The court then turned to the previous Colorado Court of Appeals case of People in the Interest of E.M. In that case, a division of the court found a juvenile court had a reason to know a child is Native American under the remaining factor in the current case based on information concerning the child’s Indian heritage. That division reasoned because the factor had a different meaning than being informed the child is Native American, it applied when the court had information the child could have ancestors affiliated with a specific tribe but that information doesn’t satisfy all criteria of the Indian child definition.
Another division of the appeals court in People in the Interest of A-J.A.B. later determined an assertion of tribal heritage, that was similar to J.M.G.’s, doesn’t give the court a reason to know a child is Native American. That division held the definition of an Indian child doesn’t apply simply based on a child’s or parent’s Indian ancestry, but on a political relationship to the tribe.
That appeals court division in that case also concluded the difference between reason-to-know factors based on a participant telling the court the child is Native American and that participant informing the court it has discovered information the child is an Indian child is temporal — the latter reason-to-know factor applied when a participant discovered information during the proceedings indicating a child is Native American.
The Court of Appeals in the current case was persuaded by the reasoning in A-J.A.B., finding that determining whether a court has a reason to know a child in an Indian child turned on whether the child is a tribal member or eligible for membership, while being the biological child of a tribal member. The appeals court noted an assertion of Native American heritage connected to tribal ancestral groups doesn’t demonstrate a strong chance the child is a tribal member or eligible for membership.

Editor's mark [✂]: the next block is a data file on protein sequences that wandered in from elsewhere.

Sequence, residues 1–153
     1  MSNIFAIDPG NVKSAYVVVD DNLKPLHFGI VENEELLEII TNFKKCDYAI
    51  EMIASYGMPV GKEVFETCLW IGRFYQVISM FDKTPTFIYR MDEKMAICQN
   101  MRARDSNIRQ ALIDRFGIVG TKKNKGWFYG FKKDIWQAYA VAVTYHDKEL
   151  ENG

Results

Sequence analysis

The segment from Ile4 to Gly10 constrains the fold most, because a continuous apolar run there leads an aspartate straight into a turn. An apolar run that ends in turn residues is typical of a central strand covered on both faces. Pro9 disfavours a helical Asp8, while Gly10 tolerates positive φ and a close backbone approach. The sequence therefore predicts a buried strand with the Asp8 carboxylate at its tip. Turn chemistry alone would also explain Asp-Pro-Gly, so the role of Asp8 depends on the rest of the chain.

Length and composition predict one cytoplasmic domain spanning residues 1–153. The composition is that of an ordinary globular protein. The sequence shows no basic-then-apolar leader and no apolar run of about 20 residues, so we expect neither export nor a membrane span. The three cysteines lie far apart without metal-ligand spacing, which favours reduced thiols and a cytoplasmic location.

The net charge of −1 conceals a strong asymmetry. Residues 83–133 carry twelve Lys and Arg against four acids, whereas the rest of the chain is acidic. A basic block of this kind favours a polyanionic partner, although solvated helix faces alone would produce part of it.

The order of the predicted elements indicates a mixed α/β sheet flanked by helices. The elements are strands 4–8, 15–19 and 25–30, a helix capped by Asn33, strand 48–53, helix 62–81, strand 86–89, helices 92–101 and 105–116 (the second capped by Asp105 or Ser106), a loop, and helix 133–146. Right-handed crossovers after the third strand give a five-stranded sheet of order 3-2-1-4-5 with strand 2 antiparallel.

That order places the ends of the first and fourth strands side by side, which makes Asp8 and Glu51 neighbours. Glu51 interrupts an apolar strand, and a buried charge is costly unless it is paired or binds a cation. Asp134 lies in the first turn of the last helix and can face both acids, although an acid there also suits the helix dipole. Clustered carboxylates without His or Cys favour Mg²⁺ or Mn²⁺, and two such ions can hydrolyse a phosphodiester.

The Court of Appeals also determined DDHS didn’t meet its obligation to exercise due diligence under Colorado Revised Statute 19-1-126(3). Under that statute, the court directs the petitioning or filing party to make a record of effort taken to determine whether there is reason to know the child is Native American.
The appeals court wrote the legislature didn’t define due diligence under the statute so contending what constitutes due diligence is flexible and dependent on the circumstances. The appeals court added the record doesn’t show DDHS followed up with J.M.G. to ascertain the basis for her belief she and J.J.L. had Native American heritage.
The appeals court found the record doesn’t show 19-1-126(3)’s due diligence obligation was met and remanded the case with instructions for the juvenile court to direct DDHS to exercise due diligence and assist the juvenile court to determine whether there’s reason to know J.J.L. is an Indian child.
Now the case has made its way to the Colorado Supreme Court. One question before it is whether the Court of Appeals erred by concluding DDHS hadn’t exercised due diligence.
Another question before the high court is whether the appeals court erred in declining to follow the analysis in People in the Interest of E.M.
The court will hear two other cases March 7. One is a deceptive trade practice case and deals with whether the appeals court erred in ordering a new trial. The other is connected to a statute of limitations period and bankruptcy.